Senior Care Tips: Making Gatherings Easier for Veterans with Hearing Challenges

Veterans Home Care Assistance Program

Gathering together with friends and family is one of the most joyful parts of the holiday season. This is your opportunity to get together with the people who you care the most about and may not have the opportunity to see as often throughout the year as you would like to, and to enjoy celebrating and following traditions in meaningful and memorable ways. If your senior veteran is facing hearing challenges, however, these gatherings can be stressful and even depressing.

Dealing with hearing challenges can make it difficult for your veteran to follow the conversations that everyone is enjoying, and can even make him or her feel like they are missing out or are not relevant in the celebrations because they are unable to be engaged as easily and effectively as others. Helping them to handle these challenges and making modifications to the gathering themselves can make help your loved ones better enjoy the experience.

Use these tips to make gatherings easier for senior veterans with hearing challenges during the holiday season and throughout the rest of the year:

• Streamline the activities. You might love the festive feeling that Christmas music playing in the background can give to your dinner, but this can make it extremely difficult for your seniors to understand the people who are talking around them. When there will be one large or several small conversations going, turn off music or movies so that your seniors have a better chance of hearing.

• Wear their devices. If your elderly loved ones have hearing aids, make sure that they are wearing them and that they are tuned properly to help them with their listening. If your seniors complain that their devices are uncomfortable or are not working properly, get them in touch with their doctor so that they can make modifications as necessary.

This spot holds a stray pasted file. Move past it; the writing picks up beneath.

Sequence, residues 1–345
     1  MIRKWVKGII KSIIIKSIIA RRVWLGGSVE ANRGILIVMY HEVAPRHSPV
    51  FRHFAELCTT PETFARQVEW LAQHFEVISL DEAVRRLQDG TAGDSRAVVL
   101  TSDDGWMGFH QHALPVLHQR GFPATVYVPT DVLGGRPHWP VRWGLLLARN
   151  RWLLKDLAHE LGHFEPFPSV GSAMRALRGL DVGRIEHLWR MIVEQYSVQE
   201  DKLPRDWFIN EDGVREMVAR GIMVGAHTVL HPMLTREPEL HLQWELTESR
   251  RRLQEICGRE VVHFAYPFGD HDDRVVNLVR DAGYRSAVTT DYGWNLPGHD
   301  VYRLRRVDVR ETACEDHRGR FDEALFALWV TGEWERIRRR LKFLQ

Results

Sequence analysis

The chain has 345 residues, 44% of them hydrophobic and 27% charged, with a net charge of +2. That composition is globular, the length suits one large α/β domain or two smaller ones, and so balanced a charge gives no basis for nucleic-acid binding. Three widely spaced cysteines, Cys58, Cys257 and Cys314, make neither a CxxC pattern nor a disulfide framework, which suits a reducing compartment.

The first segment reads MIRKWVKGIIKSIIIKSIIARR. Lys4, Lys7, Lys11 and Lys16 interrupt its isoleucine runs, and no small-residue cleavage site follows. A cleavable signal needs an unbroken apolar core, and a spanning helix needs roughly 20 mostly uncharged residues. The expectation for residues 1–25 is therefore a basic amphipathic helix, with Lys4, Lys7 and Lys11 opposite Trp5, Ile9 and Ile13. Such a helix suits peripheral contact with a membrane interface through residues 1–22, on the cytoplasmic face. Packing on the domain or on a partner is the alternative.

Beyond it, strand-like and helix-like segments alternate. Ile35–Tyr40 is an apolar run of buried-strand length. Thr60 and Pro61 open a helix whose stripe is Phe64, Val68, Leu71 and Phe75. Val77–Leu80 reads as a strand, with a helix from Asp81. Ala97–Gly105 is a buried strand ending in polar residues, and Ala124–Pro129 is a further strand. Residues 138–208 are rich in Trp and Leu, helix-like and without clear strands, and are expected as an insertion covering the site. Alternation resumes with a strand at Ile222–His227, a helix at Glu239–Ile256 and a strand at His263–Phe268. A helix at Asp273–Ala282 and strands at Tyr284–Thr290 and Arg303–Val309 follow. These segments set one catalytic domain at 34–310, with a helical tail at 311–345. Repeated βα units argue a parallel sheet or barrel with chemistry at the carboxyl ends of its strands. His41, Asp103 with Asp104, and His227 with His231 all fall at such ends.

• Use perceptive listening. Many people with hearing challenges immediately rely on asking for clarification or repetition as soon as they miss a word or are having difficulty hearing something. Encourage your senior veteran to not immediately do this, but to use perception to try to work out what the person said. This does not mean take wild guesses, but to use context clues and the bits of the conversation that they did hear and understand to follow along. This also allows them to ask more specific questions to help guide the conversation.

• Maintain a quiet area. Make sure that there is an area set aside where your parents can go that is quiet so that if they get overwhelmed or they want to have a one-on-one conversation, they can go to this area and take a break. If you are gathering somewhere public such as in a restaurant, do your best to make sure that you are seated somewhere that is more conducive to conversations, such as away from the kitchen and bussing area.

For more information and to learn about veterans home care assistance programs, contact Veteran’s Home Care at (888) 314-6075.

Bonnie Laiderman, CEO

Bonnie Laiderman, founder and president of Veterans Home Care®, has helped more than 16,000 veterans and their spouses receive in-home care through the unique VetAssist® Program. Started in 2003 as a one-woman operation, Bonnie has overseen the growth of the company to become one of the largest women-owned companies in the St. Louis Metro Region. Veterans Home Care has also earned the Better Business Bureau's Torch Award for Ethics and Inc. 5000 award of fastest growing companies six times. Now with offices coast-to-coast, Veterans Home Care serves our veterans in 44 states throughout the country.